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Awareness of the cost of psychotropic medication among doctors: a service evaluation

  • Dhananjay Kumar Singh (a1), Shakil Khawaja (a2), Ishaq Pala (a1), Jaleel Khaja (a3), Ray Krishnanu (a1), Heather Walker (a2) and Julian Bustin (a1)...
Abstract
Aims and method

Cost-effective prescribing is an increasingly important aspect of our practice. A service evaluation was carried out to assess the level of awareness and knowledge of different aspects of cost-effective prescribing among doctors working in the North East London Foundation Trust. A semi-structured questionnaire was used to benchmark knowledge against six standards.

Results

The survey was completed by 71% of doctors working in adult or old age psychiatry. A total of 2% of doctors stated that they should always take into consideration the price of the drug when prescribing and only 5% of doctors claimed to know the price of medications they prescribe most frequently.

Clinical implications

Strategies to improve the poor level of knowledge and awareness in this area of clinical practice would be of benefit in making the best use of limited financial resources without any detriment to patient care.

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Copyright
This is an Open Access article, distributed under the terms of the Creative Commons Attribution (CC-BY) license (http://creativecommons.org/licenses/by/4.0/), which permits unrestricted re-use, distribution, and reproduction in any medium, provided the original work is properly cited.
Corresponding author
Julian Bustin (julianbustin@gmail.com)
Footnotes
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See commentaries, pp. 367-368 and pp. 369-370, this issue.

Declaration of interest

None.

Footnotes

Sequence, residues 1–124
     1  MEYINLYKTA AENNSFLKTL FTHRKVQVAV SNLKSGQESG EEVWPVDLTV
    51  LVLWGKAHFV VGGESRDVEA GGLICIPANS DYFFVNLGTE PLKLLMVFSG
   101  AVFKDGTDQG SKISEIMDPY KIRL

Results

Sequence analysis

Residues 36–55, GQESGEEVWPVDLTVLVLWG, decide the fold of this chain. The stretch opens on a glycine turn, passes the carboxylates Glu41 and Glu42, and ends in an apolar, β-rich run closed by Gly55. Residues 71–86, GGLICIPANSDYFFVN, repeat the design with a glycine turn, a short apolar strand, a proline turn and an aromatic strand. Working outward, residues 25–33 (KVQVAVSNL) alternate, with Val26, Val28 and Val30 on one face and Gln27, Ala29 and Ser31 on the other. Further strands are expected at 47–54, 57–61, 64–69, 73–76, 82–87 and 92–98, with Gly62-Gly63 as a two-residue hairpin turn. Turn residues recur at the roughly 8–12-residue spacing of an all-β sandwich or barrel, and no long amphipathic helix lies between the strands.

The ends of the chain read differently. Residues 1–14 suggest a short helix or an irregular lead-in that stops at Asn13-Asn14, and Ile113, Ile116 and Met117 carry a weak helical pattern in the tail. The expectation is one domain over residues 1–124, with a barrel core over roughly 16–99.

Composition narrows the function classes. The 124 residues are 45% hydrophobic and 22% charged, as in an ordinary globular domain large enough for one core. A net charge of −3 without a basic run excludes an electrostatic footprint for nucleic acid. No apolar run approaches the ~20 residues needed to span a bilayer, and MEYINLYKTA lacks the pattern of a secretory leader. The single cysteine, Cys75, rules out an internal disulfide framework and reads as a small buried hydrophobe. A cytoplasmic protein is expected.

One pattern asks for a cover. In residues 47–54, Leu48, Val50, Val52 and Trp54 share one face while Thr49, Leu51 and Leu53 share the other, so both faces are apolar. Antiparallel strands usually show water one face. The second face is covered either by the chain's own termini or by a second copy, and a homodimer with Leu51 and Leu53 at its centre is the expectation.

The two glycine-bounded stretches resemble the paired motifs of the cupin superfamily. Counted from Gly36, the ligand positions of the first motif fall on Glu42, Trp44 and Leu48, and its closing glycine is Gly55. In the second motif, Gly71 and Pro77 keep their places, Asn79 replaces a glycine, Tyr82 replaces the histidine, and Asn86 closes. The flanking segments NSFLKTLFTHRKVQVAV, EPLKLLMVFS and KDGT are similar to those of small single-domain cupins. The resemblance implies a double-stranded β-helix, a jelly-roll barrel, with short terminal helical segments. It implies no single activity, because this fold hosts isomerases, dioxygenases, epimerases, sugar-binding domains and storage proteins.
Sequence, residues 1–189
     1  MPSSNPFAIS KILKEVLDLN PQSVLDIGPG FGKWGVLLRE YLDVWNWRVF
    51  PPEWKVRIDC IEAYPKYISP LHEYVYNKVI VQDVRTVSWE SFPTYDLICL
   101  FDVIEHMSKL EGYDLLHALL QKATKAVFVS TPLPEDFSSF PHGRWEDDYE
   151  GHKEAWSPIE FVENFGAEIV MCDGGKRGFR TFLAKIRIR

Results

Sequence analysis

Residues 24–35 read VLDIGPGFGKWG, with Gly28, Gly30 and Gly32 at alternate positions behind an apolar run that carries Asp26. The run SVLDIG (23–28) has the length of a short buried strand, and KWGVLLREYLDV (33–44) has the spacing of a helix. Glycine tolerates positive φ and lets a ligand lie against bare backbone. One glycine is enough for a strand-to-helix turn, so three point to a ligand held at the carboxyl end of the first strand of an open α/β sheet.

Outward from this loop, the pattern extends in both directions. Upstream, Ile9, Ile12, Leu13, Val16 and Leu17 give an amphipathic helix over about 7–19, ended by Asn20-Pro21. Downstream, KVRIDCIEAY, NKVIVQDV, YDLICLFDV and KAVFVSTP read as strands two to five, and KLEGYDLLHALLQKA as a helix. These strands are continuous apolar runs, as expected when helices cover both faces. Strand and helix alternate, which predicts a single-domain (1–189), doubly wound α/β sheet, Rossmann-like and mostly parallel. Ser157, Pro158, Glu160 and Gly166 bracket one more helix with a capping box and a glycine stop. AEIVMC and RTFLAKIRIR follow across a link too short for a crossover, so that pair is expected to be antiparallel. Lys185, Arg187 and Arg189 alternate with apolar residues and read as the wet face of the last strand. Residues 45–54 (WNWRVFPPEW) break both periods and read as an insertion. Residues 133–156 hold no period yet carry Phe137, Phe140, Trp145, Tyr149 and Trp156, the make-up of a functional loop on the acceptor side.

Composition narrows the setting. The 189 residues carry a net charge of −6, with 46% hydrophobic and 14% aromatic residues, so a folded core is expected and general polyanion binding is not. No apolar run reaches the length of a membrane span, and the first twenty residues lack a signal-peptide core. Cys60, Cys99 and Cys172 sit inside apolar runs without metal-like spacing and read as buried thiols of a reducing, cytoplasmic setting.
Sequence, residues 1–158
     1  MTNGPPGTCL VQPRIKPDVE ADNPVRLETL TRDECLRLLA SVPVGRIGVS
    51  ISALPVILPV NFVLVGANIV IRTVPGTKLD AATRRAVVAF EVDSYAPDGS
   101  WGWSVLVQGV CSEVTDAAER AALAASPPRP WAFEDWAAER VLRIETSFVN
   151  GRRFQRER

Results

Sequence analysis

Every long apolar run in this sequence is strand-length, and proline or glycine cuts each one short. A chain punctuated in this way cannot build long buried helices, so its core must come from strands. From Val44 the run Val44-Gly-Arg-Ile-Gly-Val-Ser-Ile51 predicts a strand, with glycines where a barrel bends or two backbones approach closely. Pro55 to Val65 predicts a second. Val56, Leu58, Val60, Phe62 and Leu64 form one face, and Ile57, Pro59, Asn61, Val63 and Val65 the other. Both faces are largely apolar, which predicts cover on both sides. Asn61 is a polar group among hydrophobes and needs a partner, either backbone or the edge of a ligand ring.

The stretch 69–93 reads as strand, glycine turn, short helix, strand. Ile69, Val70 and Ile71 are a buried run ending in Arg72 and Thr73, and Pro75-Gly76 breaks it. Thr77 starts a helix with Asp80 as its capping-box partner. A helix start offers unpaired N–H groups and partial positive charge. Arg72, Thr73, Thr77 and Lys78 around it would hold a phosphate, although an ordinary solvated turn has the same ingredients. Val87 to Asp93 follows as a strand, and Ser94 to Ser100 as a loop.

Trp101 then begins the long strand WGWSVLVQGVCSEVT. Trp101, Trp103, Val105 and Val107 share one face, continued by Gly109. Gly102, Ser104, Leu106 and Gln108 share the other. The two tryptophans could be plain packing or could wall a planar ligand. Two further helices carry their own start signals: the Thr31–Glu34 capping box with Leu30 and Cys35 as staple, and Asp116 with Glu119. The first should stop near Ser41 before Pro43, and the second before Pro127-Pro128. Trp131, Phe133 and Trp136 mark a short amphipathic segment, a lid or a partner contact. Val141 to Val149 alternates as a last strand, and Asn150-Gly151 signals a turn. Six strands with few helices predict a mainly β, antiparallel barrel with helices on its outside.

References
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BJPsych Bulletin
  • ISSN: 1758-3209
  • EISSN: 1758-3217
  • URL: /core/journals/bjpsych-bulletin
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Awareness of the cost of psychotropic medication among doctors: a service evaluation

  • Dhananjay Kumar Singh (a1), Shakil Khawaja (a2), Ishaq Pala (a1), Jaleel Khaja (a3), Ray Krishnanu (a1), Heather Walker (a2) and Julian Bustin (a1)...
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eLetters

Cost-effective Prescribing

Sara Smith, Consultant Psychiatrist
17 September 2010

Sir,D K Singh et al’s(1) discussion of cost effective prescribing is timely. Very small changes in prescription writing habits can produce significant savings without noticeable change in clinical practice. A clear example isthat of venlafaxine modified release which is produced in both capsule andtablet form. These are bioequivalent but vary widely in cost. It has been calculated that switching from capsule to tablet would save our local healthcare economy approximately £148,000. The only change required of doctors would be to specify tablets on the prescription, so ensuring the more cost-effective preparation is dispensed. The twice daily formulation is cheaper still but would require a greater degree of change and perhaps affect compliance.Fluoxetine provides another example. Fluoxetine 10mg, a dose often used inCAMHS, is not available in tablet form in the UK. Importing a supply can result in a single prescription cost of several hundred pounds. Specifyingfluoxetine syrup ensures the cost remains under £10(2).

Clearly, significant savings are to be had without compromising patient care or clinical autonomy. With regular support from a vigilant chief pharmacist and medicines management committee, the vagaries of the drug tariff could be navigated and the drug budget be spent more cost effectively.

(1)Singh DK, Khawaja S et al Awareness of the cost of psychotropic medication among doctors: a service evaluation. The Psychiatrist 2010; 34:364-6(2)British National Formulary March 2010
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Conflict of interest: None Declared

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